US speaker of the House Nancy Pelosi has warned that Brexit could damage trade agreements between Britain and the US. She made the comments during a speech in the Irish parliament on 17 April. She also said the Good Friday Agreement (GFA) must be upheld and not threatened by Brexit.
The Good Friday Agreement
Pelosi told the members of the Irish parliament:
We must ensure that nothing happens in the Brexit discussions that imperils the Good Friday Accord, including but not limited to the seamless border between the Irish Republic and Northern Ireland.
And she went further, advising that, if Brexit “undermines” the GFA:
there’d be no chance of a US/UK trade agreement.
The importance of peace
Pelosi mentioned the importance of the GFA in its own right. She said that what it has brought to people in both the south and north of Ireland is “reason enough” to protect it. But she also argued:
We treasure the Good Friday Accord because it is not just a treaty, it is an ethic. It is a value. It is an article of faith for us. It is a beacon to the world. We treasure the Good Friday Accord because of what it says is possible for the entire world; a reason to hope, in every place, that dreams that reconciliation will be possible for them too.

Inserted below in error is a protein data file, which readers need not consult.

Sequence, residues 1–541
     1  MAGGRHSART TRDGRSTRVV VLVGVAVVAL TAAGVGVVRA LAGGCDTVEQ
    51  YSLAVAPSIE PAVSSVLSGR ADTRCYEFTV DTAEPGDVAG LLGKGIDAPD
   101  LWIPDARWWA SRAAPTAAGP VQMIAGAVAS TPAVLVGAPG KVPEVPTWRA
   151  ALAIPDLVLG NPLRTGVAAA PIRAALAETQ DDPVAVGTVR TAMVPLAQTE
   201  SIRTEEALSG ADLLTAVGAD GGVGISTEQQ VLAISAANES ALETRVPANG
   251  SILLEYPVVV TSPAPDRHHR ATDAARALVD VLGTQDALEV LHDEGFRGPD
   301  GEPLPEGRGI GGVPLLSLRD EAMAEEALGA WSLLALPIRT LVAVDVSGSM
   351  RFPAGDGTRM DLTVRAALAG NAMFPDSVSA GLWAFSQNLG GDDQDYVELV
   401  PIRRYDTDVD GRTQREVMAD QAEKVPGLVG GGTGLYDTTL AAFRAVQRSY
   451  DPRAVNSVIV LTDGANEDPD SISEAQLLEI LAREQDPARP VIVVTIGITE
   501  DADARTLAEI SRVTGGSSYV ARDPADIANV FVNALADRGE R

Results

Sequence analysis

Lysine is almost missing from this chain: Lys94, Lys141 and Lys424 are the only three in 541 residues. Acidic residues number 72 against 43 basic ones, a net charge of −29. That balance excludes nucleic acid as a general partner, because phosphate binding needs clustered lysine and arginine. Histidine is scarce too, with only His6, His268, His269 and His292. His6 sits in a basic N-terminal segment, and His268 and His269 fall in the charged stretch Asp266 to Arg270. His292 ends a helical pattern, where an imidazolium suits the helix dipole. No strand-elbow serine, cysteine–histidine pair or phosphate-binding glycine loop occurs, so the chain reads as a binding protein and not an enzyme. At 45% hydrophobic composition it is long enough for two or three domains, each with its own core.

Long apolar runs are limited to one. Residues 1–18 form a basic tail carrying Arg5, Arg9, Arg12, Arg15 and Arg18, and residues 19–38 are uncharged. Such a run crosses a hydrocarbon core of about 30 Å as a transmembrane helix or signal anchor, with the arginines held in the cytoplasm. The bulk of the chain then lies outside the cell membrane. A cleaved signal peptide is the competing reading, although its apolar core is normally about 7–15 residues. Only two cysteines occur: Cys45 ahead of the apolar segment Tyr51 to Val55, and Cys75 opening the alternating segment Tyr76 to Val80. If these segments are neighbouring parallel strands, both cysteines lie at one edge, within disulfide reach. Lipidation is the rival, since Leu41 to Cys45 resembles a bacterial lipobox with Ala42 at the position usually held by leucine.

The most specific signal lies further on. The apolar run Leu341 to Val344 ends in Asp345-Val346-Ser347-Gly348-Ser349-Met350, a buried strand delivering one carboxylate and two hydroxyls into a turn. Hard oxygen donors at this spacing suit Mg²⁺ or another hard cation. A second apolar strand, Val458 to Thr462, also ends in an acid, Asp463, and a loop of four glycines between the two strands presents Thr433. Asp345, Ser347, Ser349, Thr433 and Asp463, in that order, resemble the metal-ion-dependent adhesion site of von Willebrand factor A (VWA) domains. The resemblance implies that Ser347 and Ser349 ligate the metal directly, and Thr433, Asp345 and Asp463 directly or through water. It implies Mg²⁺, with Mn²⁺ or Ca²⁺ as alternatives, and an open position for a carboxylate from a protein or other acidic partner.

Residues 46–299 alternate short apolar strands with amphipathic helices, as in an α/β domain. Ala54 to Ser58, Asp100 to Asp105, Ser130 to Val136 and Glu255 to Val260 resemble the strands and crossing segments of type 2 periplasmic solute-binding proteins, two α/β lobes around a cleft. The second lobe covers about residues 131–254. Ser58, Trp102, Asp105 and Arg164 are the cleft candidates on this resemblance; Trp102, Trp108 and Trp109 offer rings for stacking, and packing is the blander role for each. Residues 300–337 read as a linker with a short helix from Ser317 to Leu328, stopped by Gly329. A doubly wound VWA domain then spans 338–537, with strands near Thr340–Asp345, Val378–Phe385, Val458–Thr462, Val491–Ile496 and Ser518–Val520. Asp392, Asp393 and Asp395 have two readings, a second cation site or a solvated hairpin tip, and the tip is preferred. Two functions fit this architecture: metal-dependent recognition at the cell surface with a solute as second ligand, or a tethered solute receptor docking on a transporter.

This is the second time that a US Democrat has waded into Britain’s internal affairs.
He argued that it was “unwarranted intrusion” in Britain’s politics. This was not to avoid the question of the border in Ireland, however. Because he also claimed that:
There’s nobody more against a hard border in Ireland than me. I fought all my life to wipe out the border completely and reunite the small island of Ireland.
Undermining the “peaceful environment”?
The backstop, and by extension the GFA, has been a sticking point for the Democratic Unionist Party (DUP) and other Brexiteers. DUP leader Arlene Foster has previously argued that the backstop is a “problem” and a “toxicity”.
A hard border in Ireland would undermine the spirit of the GFA. The treaty calls for “the development of a peaceful environment” and “close cooperation” between Britain and both the north and south of Ireland.
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